10 Perils of Prosperity

Fan though I am of the free market and economic development, it’s still important to remember we live in a fallen world. Here’s some good reminders of that from John Teevan on Acton PowerBlog. Take a look.

In Christ,

+Fr Gregory

So Why is Sustained Prosperity a Peril? Nearly everyone on earth prefers a life free from poverty and from the need to focus on survival. Call it liberty or call it comfort, everyone prefers this life. Now nearly 2b people enjoy that level of living thanks to the growth of economic freedom. But there are problems.

  1. People think that nothing can go permanently wrong.
    Money cures everything and there is plenty of it and always will be. Period.
  2. People think that all moral issues are irrelevant.
    Ask Miley Cyrus…the latest casualty who is also a Disney role model: see #9.
  3. People think that they can afford anything and suddenly want everything.
    So the richest people on earth fuel their lives with even more debt financed stuff.
  4. People are dissatisfied with life and find it boring. They are also ungrateful.
    Mental illness, substance abuse, and suicide are ever increasing.
  5. People think that all who lived before their era were deficient or foolish.
    In olden days people had to work hard, be moral, and watch out…what idiots!
  6. People think that it is not necessary to learn, work, or stick to it to have a comfortable life.
    If I get a job I like, fine, otherwise I’ll just move back home with my folks. Big deal.
  7. Governments believe the economy can be taxed to pay for any government program.
    If the rich just paid their fair share we’d all have comfortable incomes; spread it around.
  8. People forget what a life of discomfort was like and are ‘spoiled’.
    OK, I broke the blender, but the jerks at Walmart wouldn’t take it back.
  9. People adopt a new value system that is narcissistic and worships the self.
    How can I go to work today? It’s my birthday. All drama–all the time, for many.
  10. Governments believe that the welfare state is the only compassionate use of such prosperity.
    Even a single dollar of reduction of social security will leave grandma out in the cold.

We must be very careful of prosperity. It has a way of deluding us into thinking that we can afford anything and that we can absorb any shock. For seven decades this has been true. But now we have changed our thinking and our planning and our savings as we ignore the possibility of real economic disaster: Beware.

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  • Chrys

    I also am a strong support of free markets, believing that it offers the most adaptive, innovative and beneficial economic system available. It certainly has created wealth – both financial and technological – for more people than anyone could have imagined. But humanity is still fallen. While wealth removes the issue of want and survival for many, it doesn’t and can’t address the causes of that fallenness. If poverty was a primary catalyst for sin, wealth should result in its lessening – but it doesn’t. It buffers the effects, certainly — one can “afford” to make stupid mistakes (as you have pointed out, more artfully, elsewhere). Wealth simply amplifies and expands choices and means. It allows the virtuous the means to expand the exercise of their virtue, but it also allows the selfish to indulge their selfish; as story after story can attest, often to a tragic outcome. Fallen Man was cast out of paradise for a reason — one of which surely is that paradise would simply feed the selfishness that is at the root, leading to his self-destruction. In the hands of fallen humanity, any gift – that is, wealth in any form (such as beauty or talent or money) – can become the means to foster a self-centered life. It is not the wealth, but the purpose for which it is used that proves corrosive. Christ pointed this out often. Thus, it was the rich man in the parable (Luke 16) who was to be pitied, and not (as we would have expected) Lazarus at the gate; his wealth allowed him to live a life of blind selfishness, unaware of his inner bankruptcy until it was too late. Wealth, like technology, provides powerful means — but to what end. God have mercy on us when we use it to make an idol of ourselves.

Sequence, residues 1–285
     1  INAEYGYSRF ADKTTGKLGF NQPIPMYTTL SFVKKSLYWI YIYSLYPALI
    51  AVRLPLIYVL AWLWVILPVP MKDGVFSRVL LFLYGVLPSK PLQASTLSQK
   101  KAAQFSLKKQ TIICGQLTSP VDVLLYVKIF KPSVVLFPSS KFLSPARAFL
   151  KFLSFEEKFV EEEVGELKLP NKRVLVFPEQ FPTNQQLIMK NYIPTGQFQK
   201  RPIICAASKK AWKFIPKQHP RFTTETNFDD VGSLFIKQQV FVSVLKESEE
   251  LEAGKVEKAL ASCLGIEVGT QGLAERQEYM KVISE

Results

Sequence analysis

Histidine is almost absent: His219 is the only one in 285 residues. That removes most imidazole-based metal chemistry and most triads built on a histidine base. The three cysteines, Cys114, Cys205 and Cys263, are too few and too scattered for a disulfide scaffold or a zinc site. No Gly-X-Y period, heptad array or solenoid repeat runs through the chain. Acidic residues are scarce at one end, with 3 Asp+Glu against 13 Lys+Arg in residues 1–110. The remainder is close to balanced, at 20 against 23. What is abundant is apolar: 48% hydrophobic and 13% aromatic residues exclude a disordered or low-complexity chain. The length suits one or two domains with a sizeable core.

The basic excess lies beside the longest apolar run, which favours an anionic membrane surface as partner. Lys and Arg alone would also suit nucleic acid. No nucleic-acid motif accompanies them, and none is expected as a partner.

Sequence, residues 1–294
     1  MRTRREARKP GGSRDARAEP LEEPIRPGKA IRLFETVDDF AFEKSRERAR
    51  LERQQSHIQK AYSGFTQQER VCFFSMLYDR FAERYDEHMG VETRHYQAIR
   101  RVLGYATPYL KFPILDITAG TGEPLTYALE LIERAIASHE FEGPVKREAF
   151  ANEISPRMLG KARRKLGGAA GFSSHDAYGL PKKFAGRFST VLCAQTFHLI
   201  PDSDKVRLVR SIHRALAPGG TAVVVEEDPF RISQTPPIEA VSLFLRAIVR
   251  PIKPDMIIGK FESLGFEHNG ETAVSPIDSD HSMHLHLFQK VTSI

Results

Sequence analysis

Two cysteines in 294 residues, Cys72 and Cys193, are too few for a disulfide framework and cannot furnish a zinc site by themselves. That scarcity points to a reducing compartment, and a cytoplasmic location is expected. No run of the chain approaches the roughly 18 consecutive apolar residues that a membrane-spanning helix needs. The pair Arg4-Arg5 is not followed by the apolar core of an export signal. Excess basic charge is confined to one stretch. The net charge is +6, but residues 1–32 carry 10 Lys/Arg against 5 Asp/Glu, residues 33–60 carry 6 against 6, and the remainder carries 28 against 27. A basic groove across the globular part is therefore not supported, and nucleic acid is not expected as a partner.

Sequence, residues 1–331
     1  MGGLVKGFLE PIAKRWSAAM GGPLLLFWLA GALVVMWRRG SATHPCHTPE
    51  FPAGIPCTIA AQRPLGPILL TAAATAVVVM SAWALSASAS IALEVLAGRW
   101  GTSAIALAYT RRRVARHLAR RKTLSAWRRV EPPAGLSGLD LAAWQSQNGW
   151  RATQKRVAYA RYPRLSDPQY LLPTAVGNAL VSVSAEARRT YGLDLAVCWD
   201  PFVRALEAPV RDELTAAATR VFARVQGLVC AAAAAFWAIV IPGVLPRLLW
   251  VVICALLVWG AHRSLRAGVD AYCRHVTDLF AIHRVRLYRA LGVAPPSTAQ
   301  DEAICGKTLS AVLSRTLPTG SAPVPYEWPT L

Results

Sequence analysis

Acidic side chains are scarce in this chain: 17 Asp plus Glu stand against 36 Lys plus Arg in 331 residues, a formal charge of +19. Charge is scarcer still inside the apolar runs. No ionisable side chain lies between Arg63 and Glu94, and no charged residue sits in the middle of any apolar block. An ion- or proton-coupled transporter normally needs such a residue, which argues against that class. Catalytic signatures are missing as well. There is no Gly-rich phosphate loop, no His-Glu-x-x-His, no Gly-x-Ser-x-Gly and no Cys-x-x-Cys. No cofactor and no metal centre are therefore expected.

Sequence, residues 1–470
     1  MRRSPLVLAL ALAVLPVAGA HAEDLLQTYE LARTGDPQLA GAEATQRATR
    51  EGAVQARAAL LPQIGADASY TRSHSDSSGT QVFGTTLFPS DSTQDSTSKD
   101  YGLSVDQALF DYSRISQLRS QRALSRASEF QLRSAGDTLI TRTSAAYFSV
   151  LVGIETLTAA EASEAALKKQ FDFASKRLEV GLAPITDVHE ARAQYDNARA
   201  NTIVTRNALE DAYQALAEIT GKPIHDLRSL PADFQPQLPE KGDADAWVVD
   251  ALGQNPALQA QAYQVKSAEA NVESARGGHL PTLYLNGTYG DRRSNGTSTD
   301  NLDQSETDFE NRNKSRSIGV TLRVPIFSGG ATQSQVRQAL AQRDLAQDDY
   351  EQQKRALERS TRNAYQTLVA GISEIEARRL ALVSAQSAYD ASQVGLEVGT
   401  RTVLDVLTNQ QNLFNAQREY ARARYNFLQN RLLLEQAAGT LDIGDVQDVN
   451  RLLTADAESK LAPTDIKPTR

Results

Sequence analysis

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    • http://palamas.info/ Fr Gregory Jensen

      Chrys,

      Thank you for your comment.

      Contrary to what I think many people believe, wealth–and for that matter poverty–doesn’t necessarily make us better or worse. In both cases it might magnify certain aspects of my character but neither wealth nor poverty is to be preferred as far as character is concerned.Y The rich can be selfish and the poor have the opportunity to do good
      but in both cases what matters is not how much money the person has but
      what is in his heart.

      That said, I think for most people, most of the time, it is probably better to be relatively better off financially and socially. This might simply reflect my own upbringing–I grew up relative poor–there are advantages and opportunities that simply aren’t available to you if you are scrambling to make ends meet.

      As you say the question is whether or not we are aware of our “inner bankruptcy.”

      In Christ,

      +FrG

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